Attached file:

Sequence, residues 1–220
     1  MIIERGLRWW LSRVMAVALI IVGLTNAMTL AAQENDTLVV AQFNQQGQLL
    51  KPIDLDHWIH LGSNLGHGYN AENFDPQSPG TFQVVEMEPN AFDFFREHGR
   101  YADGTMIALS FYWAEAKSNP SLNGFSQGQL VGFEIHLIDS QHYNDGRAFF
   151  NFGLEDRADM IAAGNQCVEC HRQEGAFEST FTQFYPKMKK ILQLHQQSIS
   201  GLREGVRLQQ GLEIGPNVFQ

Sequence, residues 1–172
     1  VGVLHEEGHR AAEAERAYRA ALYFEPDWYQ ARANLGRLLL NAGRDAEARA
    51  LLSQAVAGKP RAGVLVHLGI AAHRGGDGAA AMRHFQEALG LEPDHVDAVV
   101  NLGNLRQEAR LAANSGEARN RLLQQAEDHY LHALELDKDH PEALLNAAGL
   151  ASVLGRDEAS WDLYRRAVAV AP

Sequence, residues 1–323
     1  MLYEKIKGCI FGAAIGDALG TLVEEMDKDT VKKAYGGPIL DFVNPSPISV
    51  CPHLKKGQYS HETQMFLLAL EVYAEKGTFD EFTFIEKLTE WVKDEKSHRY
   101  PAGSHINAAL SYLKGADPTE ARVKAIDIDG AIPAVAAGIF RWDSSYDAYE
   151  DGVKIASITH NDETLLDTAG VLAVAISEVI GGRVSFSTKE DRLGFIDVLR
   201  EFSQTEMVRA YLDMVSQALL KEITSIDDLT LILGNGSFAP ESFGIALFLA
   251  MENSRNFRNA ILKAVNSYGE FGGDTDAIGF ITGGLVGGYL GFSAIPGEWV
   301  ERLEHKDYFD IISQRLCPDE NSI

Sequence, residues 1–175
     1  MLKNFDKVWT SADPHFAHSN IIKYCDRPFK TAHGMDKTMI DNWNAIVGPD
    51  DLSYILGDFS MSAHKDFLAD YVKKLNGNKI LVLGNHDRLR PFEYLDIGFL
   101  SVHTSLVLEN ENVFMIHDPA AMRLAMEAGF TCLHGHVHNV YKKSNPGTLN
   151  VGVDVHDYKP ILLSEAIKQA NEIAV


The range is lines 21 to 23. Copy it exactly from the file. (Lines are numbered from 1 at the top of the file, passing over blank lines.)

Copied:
     1  MLKNFDKVWT SADPHFAHSN IIKYCDRPFK TAHGMDKTMI DNWNAIVGPD
    51  DLSYILGDFS MSAHKDFLAD YVKKLNGNKI LVLGNHDRLR PFEYLDIGFL
   101  SVHTSLVLEN ENVFMIHDPA AMRLAMEAGF TCLHGHVHNV YKKSNPGTLN